2012: #45 – Uglies (Scott Westerfeld)

uglies

Title: Uglies
Author: Scott Westerfeld
Series: Uglies Trilogy #01
Format: Paperback
Pages: 432
Release Date: 2005
Publisher: Scholastic Trade
Source: personal copy
★★★★☆ 

Everybody gets to be supermodel gorgeous. What could be wrong with that? Tally is about to turn sixteen, and she can’t wait. Not for her license — for turning pretty.

In Tally’s world, your sixteenth birthday brings an operation that turns you from a repellent ugly into a stunningly attractive pretty and catapults you into a high-tech paradise where your only job is to have a really great time. In just a few weeks Tally will be there.

But Tally’s new friend Shay isn’t sure she wants to be pretty. She’d rather risk life on the outside. When Shay runs away, Tally learns about a whole new side of the pretty world — and it isn’t very pretty. The authorities offer Tally the worst choice she can imagine: find her friend and turn her in, or never turn pretty at all. The choice Tally makes changes her world forever.

My thoughts:

This book has been sitting on my shelf for a long time, and I’m glad I finally got around to reading it. Tally’s world is physically the same as ours (as in, Earth), but time and an apocalypse (an oil-destroying bacteria) have changed things. Much of the world is uninhabited, and most of those that remain live in segregated cities such as Tally’s. On one side of the river are the young, the Uglies. On the other side, the Pretties.

It was decided, post-apocalypse, that all of the world’s problems were caused by inequality. Not only financial or social, but physical. So, upon their sixteenth birthday, everyone is given plastic surgery to become Pretty. They then spend the rest of their young-adulthood going to parties, basically.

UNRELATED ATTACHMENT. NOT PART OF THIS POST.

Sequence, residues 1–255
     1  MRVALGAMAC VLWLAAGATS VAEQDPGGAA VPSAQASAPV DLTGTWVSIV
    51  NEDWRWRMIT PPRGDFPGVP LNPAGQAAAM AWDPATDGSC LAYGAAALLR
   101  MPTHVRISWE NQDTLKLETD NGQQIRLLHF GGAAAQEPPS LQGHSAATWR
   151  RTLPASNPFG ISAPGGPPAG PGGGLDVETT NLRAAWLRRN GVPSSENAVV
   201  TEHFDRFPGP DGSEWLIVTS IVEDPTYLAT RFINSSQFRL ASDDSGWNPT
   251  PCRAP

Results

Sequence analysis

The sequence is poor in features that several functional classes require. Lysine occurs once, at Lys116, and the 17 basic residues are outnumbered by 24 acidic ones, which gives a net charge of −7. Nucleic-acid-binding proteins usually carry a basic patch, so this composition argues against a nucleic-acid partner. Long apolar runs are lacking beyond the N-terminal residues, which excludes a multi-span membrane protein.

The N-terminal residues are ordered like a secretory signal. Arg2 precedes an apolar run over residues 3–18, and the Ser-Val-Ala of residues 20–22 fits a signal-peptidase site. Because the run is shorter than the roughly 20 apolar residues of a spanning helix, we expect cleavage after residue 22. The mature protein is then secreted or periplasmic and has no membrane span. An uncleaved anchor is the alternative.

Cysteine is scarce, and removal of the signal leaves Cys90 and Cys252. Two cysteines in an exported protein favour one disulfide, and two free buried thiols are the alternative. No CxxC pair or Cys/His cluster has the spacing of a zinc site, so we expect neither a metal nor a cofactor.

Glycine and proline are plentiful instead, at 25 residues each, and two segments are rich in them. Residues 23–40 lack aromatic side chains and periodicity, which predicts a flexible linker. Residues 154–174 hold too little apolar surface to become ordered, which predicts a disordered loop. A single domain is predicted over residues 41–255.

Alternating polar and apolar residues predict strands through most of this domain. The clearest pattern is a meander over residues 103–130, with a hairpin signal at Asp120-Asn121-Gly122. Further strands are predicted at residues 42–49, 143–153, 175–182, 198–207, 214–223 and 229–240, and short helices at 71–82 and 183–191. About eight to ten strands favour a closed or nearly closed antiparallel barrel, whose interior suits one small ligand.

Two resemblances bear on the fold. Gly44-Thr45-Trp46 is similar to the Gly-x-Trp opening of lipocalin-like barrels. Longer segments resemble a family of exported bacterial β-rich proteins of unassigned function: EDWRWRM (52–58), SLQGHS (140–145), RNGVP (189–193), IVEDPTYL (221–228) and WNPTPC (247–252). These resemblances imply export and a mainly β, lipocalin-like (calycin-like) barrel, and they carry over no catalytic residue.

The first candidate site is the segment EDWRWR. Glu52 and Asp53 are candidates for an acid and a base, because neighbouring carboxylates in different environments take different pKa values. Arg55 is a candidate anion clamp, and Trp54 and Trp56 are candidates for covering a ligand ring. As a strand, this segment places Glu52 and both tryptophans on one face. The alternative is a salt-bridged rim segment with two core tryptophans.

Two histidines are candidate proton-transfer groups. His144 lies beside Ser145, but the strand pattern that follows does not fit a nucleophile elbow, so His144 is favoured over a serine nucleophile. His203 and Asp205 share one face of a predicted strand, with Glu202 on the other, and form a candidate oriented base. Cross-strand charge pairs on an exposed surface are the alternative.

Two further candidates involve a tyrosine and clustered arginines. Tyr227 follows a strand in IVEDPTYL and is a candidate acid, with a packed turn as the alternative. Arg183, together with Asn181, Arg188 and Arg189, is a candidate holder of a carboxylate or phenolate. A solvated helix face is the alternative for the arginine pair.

Tally is about to become Pretty, and never thought about doing otherwise before she runs into Shay. Shay doesn’t want to become Pretty. She’s learned of a settlement of people living outside of the city (the Smokes), and she’d rather be a part of that society than the one she’s expected to join. She asks Tally to come with her, but Tally is unsure, until the decision is made for her.

I thought the book had some interesting things to say about conformity and oppressive monitoring by the government. For a heroine, Tally does tend to be rather passive. Most of what happens to her is a result of what other people have either done or made her do, and I have to admit I didn’t love her. But, the story itself is compelling enough that I don’t have to love her to want to see what happens to her.

Overall, it was just an enjoyable story. Westerfeld has created an interesting world, and I’ll definitely be reading more to see what he does with it.

Available from: Amazon | Barnes & Noble | IndieBound | WorldCat

Other reviews:

  • “My copies of all the Uglies books are completely falling apart from me reading them so much, and I hope that you enjoy them as much as I did.” — Zoe’s Book Reviews
  • “All in all, I loved the premise, didn’t love the voice, but thought it’s worth reading if you have the chance.”
    Imaginary Reads
  • “If the rest of the series is as awesome as the first book, I will be thrilled. “Read. Breathe. Relax.

2 comments

  1. Carl enjoyed this whole series.

  2. Rebecca says:

    I enjoyed the Uglies series, too. I think the first one was my favorite. The world Westerfeld created was very rich and imaginative, if not a little scary and cautionary.

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